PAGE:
On the night of the latest mass shooting, I made beef stew and cinnamon rolls with my children. After dinner, we gathered on the living room floor to play Haikubes, a poetry game where players compose haikus with prompts from rolled dice. We laughed uproariously at each other’s silly poetry.
After I put my children to bed, I turned on the news. That newscast could have been the same one I watched on April 20, 1999, or July 20, 2012, or December 14, 2012, or September 16, 2013, or May 23, 2014, or June 17, 2015. And these are only the most deadly of the numerous mass shootings that have played out on our screens since Columbine.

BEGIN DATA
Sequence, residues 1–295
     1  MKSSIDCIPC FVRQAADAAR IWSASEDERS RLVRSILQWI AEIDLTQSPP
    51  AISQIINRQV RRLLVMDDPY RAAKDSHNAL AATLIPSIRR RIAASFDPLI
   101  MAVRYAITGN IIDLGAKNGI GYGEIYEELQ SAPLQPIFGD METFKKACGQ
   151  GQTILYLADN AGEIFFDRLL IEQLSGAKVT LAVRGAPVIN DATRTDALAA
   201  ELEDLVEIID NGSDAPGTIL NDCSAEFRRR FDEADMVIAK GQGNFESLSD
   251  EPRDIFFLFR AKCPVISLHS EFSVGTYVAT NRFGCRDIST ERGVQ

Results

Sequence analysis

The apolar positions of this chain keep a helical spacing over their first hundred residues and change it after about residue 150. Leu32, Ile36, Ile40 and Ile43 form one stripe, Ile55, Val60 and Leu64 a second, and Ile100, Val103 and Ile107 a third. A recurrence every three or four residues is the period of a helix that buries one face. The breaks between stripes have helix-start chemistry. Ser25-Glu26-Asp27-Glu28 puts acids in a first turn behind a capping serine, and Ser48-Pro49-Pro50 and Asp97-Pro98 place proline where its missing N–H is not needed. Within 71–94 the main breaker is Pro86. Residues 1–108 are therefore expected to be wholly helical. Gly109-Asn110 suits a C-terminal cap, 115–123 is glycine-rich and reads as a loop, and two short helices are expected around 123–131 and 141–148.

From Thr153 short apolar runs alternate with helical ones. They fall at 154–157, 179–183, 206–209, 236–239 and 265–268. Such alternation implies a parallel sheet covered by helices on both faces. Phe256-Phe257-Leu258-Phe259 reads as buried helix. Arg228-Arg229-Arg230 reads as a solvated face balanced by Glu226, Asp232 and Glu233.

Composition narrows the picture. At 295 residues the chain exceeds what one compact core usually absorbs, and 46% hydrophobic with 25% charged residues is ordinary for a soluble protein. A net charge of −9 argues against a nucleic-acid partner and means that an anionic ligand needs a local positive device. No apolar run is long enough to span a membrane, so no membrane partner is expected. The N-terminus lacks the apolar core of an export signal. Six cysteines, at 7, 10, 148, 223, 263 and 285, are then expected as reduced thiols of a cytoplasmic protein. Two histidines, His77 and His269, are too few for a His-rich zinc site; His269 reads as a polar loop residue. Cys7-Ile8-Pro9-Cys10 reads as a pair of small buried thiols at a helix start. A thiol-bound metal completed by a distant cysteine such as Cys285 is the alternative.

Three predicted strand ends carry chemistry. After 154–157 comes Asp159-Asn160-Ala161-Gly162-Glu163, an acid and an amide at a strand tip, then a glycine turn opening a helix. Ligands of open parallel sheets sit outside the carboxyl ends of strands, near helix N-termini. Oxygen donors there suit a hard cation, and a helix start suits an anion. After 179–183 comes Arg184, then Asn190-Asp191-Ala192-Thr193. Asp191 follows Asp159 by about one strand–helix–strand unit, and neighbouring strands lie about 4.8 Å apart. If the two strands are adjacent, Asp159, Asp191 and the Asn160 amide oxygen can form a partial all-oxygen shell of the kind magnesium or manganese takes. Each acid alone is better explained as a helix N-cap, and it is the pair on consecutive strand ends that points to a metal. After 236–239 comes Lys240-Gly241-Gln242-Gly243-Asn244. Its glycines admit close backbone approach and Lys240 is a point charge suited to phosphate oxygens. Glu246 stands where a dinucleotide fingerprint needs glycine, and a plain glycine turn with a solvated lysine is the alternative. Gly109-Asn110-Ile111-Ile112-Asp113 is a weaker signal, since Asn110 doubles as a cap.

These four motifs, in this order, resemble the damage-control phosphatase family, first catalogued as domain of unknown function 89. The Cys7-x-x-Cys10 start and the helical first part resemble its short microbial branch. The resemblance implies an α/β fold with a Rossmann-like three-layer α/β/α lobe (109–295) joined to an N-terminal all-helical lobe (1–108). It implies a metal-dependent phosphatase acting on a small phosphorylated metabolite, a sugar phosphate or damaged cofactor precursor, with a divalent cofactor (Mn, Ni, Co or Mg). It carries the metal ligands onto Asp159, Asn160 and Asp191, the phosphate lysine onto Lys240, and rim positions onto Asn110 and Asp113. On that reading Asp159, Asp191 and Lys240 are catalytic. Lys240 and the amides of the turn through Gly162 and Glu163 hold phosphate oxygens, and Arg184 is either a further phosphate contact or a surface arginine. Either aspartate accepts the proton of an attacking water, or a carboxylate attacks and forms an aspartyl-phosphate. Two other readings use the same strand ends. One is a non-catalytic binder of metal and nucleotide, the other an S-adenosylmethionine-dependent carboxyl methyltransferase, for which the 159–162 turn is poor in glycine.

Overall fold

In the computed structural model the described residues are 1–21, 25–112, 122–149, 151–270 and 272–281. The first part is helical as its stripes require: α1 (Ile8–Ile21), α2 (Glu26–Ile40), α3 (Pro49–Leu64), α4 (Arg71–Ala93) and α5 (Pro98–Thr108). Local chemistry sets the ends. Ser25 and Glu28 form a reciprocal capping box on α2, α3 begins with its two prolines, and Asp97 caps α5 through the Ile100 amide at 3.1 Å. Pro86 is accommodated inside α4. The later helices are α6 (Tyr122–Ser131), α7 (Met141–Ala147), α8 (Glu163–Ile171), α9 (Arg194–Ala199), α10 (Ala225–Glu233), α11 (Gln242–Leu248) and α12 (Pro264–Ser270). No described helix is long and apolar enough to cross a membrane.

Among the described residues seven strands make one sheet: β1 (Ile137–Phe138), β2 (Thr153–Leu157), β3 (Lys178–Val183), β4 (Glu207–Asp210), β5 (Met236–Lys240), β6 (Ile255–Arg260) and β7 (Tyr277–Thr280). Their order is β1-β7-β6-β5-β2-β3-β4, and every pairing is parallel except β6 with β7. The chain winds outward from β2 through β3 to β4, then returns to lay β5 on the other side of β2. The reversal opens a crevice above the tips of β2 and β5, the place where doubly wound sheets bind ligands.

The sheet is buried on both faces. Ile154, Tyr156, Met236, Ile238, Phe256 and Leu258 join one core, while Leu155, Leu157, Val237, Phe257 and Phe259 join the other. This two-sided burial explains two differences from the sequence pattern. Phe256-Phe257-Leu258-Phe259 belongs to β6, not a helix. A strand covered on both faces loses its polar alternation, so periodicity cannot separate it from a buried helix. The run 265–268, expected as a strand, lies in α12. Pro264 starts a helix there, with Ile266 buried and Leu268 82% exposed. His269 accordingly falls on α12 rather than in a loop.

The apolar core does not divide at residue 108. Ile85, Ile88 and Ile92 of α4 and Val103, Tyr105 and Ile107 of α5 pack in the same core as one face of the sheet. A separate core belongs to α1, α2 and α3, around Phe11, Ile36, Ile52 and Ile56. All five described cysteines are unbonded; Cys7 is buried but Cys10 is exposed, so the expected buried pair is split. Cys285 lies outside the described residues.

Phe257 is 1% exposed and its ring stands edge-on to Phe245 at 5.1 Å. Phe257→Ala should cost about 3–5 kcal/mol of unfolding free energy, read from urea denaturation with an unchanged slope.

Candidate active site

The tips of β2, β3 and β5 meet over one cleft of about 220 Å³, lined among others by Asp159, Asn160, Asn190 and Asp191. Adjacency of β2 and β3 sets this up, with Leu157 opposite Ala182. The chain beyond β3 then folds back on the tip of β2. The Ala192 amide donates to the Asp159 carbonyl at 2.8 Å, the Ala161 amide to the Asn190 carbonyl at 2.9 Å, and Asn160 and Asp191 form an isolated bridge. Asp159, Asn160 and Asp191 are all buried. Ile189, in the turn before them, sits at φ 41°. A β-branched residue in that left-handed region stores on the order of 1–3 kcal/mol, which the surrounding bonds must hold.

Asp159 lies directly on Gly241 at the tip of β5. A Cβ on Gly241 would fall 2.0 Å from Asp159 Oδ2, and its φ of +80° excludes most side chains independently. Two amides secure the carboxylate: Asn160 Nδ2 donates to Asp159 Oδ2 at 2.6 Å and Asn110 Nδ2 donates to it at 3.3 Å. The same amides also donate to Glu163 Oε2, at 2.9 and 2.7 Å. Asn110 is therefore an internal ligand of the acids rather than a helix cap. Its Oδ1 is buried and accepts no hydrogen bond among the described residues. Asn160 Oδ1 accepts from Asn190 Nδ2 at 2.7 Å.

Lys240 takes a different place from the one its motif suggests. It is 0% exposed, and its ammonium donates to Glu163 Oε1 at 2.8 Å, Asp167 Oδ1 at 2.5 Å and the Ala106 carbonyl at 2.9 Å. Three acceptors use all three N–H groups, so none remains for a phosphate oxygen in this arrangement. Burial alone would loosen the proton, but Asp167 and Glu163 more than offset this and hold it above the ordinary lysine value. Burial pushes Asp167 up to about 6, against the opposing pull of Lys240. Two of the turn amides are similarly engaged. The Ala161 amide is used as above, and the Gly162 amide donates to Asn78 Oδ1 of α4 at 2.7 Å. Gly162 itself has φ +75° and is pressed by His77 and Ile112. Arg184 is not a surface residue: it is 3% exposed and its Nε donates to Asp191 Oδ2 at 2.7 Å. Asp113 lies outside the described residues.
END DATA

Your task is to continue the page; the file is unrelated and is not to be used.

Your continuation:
As the mother of a teenager who has bipolar disorder, a mother who once worried about my own son’s violent behavior, I see mass shootings differently. I see promises broken, a society that has failed to help our most vulnerable.
Nothing has changed since Newtown, since Columbine. This is the price of our silence. I see the price of our silence around mental illness, and worse, the price of our collective failure to act. In the inevitable connection of mental illness to these incomprehensible acts of violence, I also see stigma — the perpetuation of fear and ignorance that leads to ongoing and pervasive discrimination against families like mine.